Well, I was going to take lots of notes and quotes while I was reading Carol O'Connell's newest book, The Chalk Girl, so I could write a fabulous post telling you how much I love this character and author.
The notes and quotes didn't happen.....because I couldn't put the book down long enough!! But I can tell you that I do love O'Connell's 'Mallory' books.
As a child, Kathleen (Kathy) Mallory was found living alone on the streets of New York City by NYPD Lieutenant Lou Markowitz. She was taken in and raised by Markowitz and his wife (with some help from Lou's fellow cops and friends). She is streetwise, cunning, an expert thief and described as 'a baby sociopath.'
Following in Lou's footsteps, Mallory (she refuses to answer to Kathy) has joined the NYPD and is paired up with Markowitz's old partner. She is a brilliant detective, but her methods and her relationships with people are strictly on her terms. No one breaks through the walls she has erected. The term sociopath is still bandied about.
In The Chalk Girl, the 10th in the series, there may be a little chink in Mallory's armour. A small girl is found wandering alone in Central Park...with blood on her tee shirt. She says the blood fell from the sky while she was looking for her uncle who turned into a tree. There is something special about Coco. She has Williams Syndrome and can't really tell them exactly where she's from or who she is. But with help from psychologist Charles Butler, they are able to decode what she's trying to tell them. Coco seems to stir something in Mallory - one wounded child recognizing another.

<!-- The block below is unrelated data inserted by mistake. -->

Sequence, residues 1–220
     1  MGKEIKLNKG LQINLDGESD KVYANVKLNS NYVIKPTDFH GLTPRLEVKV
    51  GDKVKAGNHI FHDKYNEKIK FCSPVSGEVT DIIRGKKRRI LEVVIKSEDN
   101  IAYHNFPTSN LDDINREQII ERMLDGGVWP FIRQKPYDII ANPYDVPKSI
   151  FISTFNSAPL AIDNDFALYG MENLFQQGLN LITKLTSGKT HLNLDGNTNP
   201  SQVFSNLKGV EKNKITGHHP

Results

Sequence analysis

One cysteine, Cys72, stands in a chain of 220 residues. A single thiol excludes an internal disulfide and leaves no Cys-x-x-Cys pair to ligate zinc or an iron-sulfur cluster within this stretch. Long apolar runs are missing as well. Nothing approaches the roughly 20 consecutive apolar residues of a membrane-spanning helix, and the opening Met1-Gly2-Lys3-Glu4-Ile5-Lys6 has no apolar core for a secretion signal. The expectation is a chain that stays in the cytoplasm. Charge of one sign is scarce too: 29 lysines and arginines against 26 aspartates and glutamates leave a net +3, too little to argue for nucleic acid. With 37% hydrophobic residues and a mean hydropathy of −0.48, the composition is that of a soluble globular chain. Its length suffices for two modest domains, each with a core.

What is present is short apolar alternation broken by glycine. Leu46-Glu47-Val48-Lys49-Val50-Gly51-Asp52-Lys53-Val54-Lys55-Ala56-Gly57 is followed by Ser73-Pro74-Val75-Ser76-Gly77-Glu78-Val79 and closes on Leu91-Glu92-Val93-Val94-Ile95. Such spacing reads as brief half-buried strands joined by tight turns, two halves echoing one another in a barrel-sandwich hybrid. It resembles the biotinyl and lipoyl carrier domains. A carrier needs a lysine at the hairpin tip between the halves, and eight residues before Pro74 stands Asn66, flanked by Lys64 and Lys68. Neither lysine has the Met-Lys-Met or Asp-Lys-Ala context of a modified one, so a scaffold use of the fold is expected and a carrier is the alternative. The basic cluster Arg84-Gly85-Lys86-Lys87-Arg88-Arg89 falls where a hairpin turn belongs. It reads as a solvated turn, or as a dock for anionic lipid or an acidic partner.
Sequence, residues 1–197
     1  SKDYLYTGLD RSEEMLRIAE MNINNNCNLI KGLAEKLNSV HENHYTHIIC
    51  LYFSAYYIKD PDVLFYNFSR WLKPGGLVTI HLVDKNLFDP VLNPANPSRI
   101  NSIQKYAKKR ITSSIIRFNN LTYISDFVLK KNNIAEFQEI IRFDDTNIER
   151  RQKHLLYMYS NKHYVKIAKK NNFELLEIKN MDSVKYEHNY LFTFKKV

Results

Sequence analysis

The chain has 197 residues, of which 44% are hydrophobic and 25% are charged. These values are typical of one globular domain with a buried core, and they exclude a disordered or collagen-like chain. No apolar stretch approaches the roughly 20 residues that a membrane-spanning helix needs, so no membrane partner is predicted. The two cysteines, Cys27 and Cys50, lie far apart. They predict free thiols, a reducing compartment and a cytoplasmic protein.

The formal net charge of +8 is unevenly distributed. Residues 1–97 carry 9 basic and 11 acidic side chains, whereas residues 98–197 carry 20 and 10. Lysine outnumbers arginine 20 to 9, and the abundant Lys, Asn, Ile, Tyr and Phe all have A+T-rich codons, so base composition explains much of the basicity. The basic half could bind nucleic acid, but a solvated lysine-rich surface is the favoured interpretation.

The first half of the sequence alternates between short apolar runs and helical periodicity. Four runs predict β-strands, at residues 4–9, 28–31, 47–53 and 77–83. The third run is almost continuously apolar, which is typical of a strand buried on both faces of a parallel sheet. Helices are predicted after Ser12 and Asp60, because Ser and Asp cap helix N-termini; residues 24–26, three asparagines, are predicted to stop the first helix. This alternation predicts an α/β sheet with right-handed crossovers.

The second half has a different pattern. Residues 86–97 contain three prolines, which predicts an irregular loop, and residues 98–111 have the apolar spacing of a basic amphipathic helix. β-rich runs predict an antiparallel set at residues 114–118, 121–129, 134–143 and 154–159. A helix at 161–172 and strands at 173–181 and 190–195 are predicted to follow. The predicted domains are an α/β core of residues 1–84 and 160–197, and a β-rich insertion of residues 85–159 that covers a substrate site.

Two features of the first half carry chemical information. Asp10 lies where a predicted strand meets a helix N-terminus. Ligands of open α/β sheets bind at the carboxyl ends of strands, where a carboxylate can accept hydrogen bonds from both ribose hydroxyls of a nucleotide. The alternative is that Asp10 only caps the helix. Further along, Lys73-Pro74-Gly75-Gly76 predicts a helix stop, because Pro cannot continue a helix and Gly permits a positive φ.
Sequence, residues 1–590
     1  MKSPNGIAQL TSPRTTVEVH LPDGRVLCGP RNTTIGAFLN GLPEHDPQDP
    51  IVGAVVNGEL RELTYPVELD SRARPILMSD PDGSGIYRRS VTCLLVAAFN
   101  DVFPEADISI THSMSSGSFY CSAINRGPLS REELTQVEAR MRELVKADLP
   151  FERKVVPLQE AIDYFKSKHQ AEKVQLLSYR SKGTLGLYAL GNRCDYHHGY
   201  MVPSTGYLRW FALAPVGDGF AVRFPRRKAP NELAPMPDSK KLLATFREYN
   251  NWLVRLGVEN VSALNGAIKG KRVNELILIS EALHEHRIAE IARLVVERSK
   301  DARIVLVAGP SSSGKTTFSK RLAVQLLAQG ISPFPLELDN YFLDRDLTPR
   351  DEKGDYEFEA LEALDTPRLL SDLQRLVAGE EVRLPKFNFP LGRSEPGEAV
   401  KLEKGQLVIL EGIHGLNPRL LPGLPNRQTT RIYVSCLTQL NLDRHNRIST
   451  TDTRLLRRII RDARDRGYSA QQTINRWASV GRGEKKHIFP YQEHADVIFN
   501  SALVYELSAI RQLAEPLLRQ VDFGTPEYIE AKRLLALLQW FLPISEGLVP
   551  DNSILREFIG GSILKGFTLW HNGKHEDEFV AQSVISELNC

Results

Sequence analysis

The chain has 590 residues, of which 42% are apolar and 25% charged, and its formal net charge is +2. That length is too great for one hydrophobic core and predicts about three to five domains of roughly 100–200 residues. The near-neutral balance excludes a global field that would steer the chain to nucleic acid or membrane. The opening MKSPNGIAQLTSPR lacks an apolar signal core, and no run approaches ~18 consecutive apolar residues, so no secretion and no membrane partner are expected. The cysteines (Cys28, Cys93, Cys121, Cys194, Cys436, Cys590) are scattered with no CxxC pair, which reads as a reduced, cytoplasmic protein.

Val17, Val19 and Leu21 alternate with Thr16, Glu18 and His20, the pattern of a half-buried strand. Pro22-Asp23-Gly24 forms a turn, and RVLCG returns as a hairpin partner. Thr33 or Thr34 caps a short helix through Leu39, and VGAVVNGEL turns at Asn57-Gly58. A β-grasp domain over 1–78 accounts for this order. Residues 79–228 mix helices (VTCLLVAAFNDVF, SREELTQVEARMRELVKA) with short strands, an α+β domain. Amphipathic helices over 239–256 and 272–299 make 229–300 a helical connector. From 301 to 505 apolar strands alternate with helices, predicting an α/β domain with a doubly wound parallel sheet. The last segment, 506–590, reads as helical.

When Mallory locates the uncle, the case leads to places no one could have ever predicted.
And that's the beauty of O'Connell's books. You just never have an idea where the plots will lead. They're inventive, intriguing, intelligent and will keep you guessing until the end. They might keep you up late too - the crimes are bizarre and gruesome - perfect fodder for crime thriller aficionados. Each chapter opens with an excerpt from what seems to be a journal of someone called Ernest Nadler. I'm glad I read everything on the page - these entries told a story on their own that eventually met Mallory's path.
The character of Mallory continues to intrigue me. Small details about her past and small glimpses past the barriers she has erected have been slowly inserted into each new entry in this series. We still really have no idea who Kathy Mallory really is. But I am inextricably hooked by this flawed protagonist.
See what I mean - read an excerpt of The Chalk Girl. You can find O'Connell on Facebook.